Posts Tagged With: music

Complex T.O.N.E.z – One


Part I – The Journey

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I thought it never rained in SoCal?

It was an unusually heavy downpour that dreary Saturday afternoon in Los Angeles. Unusual in the sense that this was the most significant amount of rain we’d had in L.A. County since drought conditions were declared just a few months earlier. I was on my way to meet T.O.N.E-z at the studio where he was shooting the video for his latest single, “My Baby Girl, ft. Alicia Witt”.

My oldest son, Maurice Jr., and I drove under ominous looking gray skies – and among even more ominously questionable drivers.  We marveled at the transparent sheets of rain as they drifted across the highway, casting a thick layer of water against the windshield with a dull swoosh. My frantically swinging windshield wipers were desperately – and sometimes ineffectively – trying to push away the water and provide a safe field of vision. Being born and raised in Los Angeles, I’ve seen my fair share of rain. I was pretty confident of my ability to get us from the South Bay to our final destination – an unmarked studio tucked away in the small upscale neighborhood of Windsor Square.

40 minutes into what would normally be a 15 minute drive, I asked my son if we should trudge on or turn back and head home. I called Joel and asked him if the shoot was still happening. Yeah, the rain was coming down THAT hard. But he assured me that everything was still a go, and to be honest, the rain was actually fascinating. There was so much water everywhere that we almost felt like we were in a submarine. Plus, I wanted to meet T.O.N.E-z, whose family includes pioneering MCs T La Rock and Special K of the Treacherous Three. And so, we pressed on…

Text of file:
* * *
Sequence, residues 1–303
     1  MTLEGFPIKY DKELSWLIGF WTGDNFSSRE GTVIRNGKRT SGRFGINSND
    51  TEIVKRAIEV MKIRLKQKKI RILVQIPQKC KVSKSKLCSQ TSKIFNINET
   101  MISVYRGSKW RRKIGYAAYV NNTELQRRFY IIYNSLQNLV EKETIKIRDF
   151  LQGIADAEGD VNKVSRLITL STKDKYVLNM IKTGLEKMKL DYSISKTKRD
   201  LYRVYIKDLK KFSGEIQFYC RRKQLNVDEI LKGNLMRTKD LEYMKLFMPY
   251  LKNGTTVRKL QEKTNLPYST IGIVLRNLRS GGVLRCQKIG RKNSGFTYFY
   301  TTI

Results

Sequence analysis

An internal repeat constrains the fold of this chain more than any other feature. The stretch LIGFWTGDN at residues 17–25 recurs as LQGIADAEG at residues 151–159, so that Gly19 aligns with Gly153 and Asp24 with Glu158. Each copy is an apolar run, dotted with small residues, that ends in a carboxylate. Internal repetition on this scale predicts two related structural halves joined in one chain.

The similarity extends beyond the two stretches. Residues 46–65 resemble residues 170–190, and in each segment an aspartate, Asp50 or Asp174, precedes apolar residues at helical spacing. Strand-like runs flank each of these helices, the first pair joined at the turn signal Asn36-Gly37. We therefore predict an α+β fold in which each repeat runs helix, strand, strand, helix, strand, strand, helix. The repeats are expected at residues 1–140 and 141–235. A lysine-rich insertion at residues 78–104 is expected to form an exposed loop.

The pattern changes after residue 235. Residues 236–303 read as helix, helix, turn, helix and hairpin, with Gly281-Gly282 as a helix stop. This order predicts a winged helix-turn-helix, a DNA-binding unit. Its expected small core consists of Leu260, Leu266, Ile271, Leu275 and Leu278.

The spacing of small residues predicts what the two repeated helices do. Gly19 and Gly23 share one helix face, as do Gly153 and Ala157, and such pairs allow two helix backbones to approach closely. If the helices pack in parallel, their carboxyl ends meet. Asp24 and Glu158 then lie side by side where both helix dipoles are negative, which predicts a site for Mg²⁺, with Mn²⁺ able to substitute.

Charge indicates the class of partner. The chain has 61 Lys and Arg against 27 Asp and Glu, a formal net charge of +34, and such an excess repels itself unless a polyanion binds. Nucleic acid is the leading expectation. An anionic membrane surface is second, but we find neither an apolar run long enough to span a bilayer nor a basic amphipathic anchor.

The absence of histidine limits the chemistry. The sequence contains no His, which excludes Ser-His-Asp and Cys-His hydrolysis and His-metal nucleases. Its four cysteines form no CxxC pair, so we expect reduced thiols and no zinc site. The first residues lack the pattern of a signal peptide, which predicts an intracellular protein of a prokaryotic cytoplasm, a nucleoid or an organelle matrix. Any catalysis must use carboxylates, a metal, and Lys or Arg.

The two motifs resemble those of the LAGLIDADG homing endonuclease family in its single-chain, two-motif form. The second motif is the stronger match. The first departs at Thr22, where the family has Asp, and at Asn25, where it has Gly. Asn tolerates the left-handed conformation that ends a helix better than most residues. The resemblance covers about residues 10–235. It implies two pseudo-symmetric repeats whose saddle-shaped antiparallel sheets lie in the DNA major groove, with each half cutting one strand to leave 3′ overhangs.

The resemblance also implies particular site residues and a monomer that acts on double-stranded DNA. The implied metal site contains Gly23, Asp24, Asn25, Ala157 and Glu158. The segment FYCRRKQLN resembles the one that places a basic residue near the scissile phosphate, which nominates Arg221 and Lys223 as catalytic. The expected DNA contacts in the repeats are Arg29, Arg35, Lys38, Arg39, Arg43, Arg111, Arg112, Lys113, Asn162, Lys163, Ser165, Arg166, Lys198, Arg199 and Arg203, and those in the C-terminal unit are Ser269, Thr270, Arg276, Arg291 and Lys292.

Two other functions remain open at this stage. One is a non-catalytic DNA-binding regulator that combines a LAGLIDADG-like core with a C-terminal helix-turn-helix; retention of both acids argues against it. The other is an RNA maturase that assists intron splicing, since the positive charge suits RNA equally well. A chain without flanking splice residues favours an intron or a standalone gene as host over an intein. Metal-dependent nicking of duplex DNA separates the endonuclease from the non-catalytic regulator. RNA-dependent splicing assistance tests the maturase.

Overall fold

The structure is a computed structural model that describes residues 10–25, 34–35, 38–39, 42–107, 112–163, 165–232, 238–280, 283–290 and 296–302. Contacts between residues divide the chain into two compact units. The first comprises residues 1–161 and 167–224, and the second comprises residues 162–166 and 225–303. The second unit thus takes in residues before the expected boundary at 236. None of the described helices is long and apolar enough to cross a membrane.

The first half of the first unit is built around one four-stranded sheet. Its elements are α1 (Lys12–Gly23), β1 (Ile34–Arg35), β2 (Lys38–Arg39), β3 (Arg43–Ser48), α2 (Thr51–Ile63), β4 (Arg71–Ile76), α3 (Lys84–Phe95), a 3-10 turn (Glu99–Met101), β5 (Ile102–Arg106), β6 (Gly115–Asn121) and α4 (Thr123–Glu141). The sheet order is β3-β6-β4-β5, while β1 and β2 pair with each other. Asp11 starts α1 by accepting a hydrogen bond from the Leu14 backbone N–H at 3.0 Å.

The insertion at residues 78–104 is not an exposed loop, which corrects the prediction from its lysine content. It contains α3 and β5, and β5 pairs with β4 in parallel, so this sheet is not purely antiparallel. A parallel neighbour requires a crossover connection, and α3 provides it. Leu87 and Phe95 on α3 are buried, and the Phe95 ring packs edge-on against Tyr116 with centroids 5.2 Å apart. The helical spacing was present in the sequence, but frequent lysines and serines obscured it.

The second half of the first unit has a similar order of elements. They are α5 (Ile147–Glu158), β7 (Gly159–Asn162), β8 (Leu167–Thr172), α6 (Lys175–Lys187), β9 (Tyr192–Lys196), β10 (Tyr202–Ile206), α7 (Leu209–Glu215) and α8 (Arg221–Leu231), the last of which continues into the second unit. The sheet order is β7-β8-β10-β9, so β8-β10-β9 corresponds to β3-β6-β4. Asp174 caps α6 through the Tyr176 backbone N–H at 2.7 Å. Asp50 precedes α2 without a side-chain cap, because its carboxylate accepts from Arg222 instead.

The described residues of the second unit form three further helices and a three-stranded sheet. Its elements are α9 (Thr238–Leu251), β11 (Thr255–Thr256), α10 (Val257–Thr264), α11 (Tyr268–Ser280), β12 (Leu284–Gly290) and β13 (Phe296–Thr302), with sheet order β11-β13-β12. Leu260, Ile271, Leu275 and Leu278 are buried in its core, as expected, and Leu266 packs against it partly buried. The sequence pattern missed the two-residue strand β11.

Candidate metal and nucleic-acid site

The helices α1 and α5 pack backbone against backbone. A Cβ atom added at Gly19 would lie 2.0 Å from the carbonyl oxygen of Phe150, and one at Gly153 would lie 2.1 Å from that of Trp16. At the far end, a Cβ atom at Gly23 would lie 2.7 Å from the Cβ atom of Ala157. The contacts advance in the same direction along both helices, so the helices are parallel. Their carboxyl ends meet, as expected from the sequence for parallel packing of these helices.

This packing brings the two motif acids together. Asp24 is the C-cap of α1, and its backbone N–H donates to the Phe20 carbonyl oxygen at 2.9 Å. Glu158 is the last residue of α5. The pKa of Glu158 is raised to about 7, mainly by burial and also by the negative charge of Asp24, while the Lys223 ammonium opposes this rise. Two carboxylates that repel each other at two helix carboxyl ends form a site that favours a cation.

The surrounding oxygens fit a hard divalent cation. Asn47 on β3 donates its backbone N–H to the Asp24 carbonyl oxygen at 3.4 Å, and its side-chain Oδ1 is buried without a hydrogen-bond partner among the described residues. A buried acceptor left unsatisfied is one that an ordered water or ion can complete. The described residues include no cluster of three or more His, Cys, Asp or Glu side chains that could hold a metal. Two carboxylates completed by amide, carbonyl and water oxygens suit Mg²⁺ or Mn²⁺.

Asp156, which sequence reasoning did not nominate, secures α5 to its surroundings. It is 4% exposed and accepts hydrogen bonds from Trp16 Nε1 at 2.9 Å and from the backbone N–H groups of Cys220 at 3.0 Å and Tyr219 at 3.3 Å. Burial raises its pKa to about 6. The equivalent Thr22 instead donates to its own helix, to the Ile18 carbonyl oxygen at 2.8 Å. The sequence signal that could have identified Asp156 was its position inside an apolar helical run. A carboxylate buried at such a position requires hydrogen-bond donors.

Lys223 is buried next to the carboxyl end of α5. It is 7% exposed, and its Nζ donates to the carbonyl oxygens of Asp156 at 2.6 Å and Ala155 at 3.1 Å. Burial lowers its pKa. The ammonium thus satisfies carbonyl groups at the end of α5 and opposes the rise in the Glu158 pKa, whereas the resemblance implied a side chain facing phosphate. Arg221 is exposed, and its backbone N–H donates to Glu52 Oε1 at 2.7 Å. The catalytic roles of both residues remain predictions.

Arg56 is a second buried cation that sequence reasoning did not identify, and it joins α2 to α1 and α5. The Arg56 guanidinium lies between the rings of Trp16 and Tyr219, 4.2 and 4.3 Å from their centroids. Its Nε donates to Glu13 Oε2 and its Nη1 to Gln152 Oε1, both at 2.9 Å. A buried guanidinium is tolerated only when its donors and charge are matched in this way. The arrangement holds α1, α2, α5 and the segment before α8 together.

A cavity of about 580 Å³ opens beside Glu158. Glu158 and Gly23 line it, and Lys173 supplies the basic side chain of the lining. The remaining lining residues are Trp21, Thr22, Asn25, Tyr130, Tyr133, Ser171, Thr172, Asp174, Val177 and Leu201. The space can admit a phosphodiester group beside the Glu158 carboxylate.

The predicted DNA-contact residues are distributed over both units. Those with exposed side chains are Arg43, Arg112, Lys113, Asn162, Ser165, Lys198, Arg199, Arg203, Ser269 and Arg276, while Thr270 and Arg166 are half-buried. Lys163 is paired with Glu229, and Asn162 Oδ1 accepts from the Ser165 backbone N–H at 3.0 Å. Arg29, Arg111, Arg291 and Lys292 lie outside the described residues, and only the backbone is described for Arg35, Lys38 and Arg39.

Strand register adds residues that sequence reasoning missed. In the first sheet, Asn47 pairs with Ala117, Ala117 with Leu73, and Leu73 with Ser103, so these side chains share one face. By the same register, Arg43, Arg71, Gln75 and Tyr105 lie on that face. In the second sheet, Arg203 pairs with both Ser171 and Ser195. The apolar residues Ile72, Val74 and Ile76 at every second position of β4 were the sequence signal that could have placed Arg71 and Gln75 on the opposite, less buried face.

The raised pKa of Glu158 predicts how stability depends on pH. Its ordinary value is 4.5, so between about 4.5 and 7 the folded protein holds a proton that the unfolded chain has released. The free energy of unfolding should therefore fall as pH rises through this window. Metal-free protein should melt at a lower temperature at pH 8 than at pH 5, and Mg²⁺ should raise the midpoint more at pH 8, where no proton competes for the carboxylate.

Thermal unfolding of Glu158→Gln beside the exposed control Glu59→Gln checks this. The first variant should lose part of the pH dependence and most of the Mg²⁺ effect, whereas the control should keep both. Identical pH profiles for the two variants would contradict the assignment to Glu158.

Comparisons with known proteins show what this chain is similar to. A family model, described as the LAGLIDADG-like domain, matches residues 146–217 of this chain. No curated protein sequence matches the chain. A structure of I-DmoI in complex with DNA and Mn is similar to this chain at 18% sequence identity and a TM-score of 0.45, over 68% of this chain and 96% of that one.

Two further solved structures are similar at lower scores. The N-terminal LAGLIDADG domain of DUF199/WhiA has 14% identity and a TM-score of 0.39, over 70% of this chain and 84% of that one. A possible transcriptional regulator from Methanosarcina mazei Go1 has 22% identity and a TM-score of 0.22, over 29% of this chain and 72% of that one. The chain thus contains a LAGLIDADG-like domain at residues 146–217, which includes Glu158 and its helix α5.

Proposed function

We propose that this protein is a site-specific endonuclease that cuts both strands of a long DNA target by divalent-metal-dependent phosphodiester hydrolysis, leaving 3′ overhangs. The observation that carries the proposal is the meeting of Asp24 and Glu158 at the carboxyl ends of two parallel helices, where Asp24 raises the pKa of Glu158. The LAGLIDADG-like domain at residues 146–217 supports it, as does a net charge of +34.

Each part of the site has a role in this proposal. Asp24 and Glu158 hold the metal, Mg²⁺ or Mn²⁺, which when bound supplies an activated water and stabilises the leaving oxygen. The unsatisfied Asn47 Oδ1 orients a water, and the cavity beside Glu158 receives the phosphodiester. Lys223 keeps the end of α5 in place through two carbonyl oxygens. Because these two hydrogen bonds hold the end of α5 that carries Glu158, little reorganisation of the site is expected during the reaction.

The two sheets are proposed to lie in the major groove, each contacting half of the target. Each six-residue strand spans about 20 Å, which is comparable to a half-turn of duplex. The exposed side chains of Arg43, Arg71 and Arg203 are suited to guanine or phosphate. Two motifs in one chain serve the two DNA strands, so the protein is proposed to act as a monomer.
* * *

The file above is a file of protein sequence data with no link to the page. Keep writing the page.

I was able to expertly navigate the flooded intersection of Western Avenue and Wilshire Boulevard before coming to a stop on 3rd Street. I turned to my son and watched him as he shot brief glances through the water pouring down the passenger door window before turning his attention back to his marathon texting,  while also periodically checking to see if he’d had any increase of followers on Vine.

When we arrived at what I thought was our destination, we couldn’t find the building. A quick call to Joel and we discovering that the address he was initially given was wrong. So after a little finagling, we figured it all out and finally pulled up to an unassuming, brick, storefront building just as there was a break in the rain.

Getting out of the car, I saw a guy leaning against the stone wall of an inset door frame. “Is that the guy you were talking to on the phone?”, my son asked pointing out the window. “No,” I said. “That’s not Joel. That, is T.O.N.E.-z,” I said, recognizing him from his Facebook page

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Check out his Facebook page! Click the photo!

“T.O.N.E.-z?,” I said as we approached him. “Yeah,” he said coolly, with a friendly nod. “Glad you guys made it. Come on in.”

And so, we did…

Categories: music | Tags: , , , , , , , , , | Leave a comment

Death Comes To Award Shows


Music is the biggest passion in my life. So it should come as no surprise to anyone that knows me that I scrutinized the American Music Awards in a way most people probably would not. Most probably wouldn’t care in the first place. But I can’t help it… I care. 🙂

Okay, enough of the babbling. What am I talking about? I’m talking about the fact that there is a very real possibility that music awards as we’ve known them will become obsolete. They’re dying a slow death. What makes me say this? Partly because there’s been a trend in the music industry where the lines between genres are routinely blurred to the point of being nearly unrecognizable.